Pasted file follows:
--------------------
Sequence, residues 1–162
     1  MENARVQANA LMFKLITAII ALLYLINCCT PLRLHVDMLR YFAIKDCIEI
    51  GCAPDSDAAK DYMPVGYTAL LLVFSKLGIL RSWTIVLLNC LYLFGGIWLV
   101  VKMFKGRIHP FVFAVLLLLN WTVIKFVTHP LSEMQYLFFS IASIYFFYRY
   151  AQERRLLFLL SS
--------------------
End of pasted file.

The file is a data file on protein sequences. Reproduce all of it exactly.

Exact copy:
Sequence, residues 1–162
     1  MENARVQANA LMFKLITAII ALLYLINCCT PLRLHVDMLR YFAIKDCIEI
    51  GCAPDSDAAK DYMPVGYTAL LLVFSKLGIL RSWTIVLLNC LYLFGGIWLV
   101  VKMFKGRIHP FVFAVLLLLN WTVIKFVTHP LSEMQYLFFS IASIYFFYRY
   151  AQERRLLFLL SS